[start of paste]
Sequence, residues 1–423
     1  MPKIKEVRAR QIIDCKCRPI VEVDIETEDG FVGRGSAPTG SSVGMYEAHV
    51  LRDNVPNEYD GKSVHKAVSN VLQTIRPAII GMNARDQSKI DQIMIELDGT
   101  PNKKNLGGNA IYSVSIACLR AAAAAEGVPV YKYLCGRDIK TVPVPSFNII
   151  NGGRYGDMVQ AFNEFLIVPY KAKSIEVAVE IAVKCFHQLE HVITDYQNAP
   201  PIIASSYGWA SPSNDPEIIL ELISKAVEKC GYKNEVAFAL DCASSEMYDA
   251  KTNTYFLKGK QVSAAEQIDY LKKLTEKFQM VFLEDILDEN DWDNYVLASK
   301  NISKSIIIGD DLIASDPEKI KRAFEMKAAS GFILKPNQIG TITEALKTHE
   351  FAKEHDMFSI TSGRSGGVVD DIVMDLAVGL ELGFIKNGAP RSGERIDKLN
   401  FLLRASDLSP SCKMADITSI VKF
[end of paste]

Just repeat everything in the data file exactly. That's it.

Sequence, residues 1–423
     1  MPKIKEVRAR QIIDCKCRPI VEVDIETEDG FVGRGSAPTG SSVGMYEAHV
    51  LRDNVPNEYD GKSVHKAVSN VLQTIRPAII GMNARDQSKI DQIMIELDGT
   101  PNKKNLGGNA IYSVSIACLR AAAAAEGVPV YKYLCGRDIK TVPVPSFNII
   151  NGGRYGDMVQ AFNEFLIVPY KAKSIEVAVE IAVKCFHQLE HVITDYQNAP
   201  PIIASSYGWA SPSNDPEIIL ELISKAVEKC GYKNEVAFAL DCASSEMYDA
   251  KTNTYFLKGK QVSAAEQIDY LKKLTEKFQM VFLEDILDEN DWDNYVLASK
   301  NISKSIIIGD DLIASDPEKI KRAFEMKAAS GFILKPNQIG TITEALKTHE
   351  FAKEHDMFSI TSGRSGGVVD DIVMDLAVGL ELGFIKNGAP RSGERIDKLN
   401  FLLRASDLSP SCKMADITSI VKF